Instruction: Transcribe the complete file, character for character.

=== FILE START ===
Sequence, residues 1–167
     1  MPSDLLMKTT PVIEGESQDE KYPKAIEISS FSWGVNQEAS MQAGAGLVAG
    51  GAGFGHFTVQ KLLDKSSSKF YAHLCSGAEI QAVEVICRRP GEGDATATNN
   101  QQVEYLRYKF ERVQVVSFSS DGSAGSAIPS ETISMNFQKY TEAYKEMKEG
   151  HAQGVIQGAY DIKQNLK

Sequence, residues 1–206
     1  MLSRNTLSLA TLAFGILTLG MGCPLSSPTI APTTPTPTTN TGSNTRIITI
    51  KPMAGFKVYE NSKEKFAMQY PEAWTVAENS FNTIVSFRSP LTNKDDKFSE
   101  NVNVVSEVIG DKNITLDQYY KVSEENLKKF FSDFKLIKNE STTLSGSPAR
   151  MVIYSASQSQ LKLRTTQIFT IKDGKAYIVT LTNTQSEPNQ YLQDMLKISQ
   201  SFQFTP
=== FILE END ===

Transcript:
Sequence, residues 1–167
     1  MPSDLLMKTT PVIEGESQDE KYPKAIEISS FSWGVNQEAS MQAGAGLVAG
    51  GAGFGHFTVQ KLLDKSSSKF YAHLCSGAEI QAVEVICRRP GEGDATATNN
   101  QQVEYLRYKF ERVQVVSFSS DGSAGSAIPS ETISMNFQKY TEAYKEMKEG
   151  HAQGVIQGAY DIKQNLK

Sequence, residues 1–206
     1  MLSRNTLSLA TLAFGILTLG MGCPLSSPTI APTTPTPTTN TGSNTRIITI
    51  KPMAGFKVYE NSKEKFAMQY PEAWTVAENS FNTIVSFRSP LTNKDDKFSE
   101  NVNVVSEVIG DKNITLDQYY KVSEENLKKF FSDFKLIKNE STTLSGSPAR
   151  MVIYSASQSQ LKLRTTQIFT IKDGKAYIVT LTNTQSEPNQ YLQDMLKISQ
   201  SFQFTP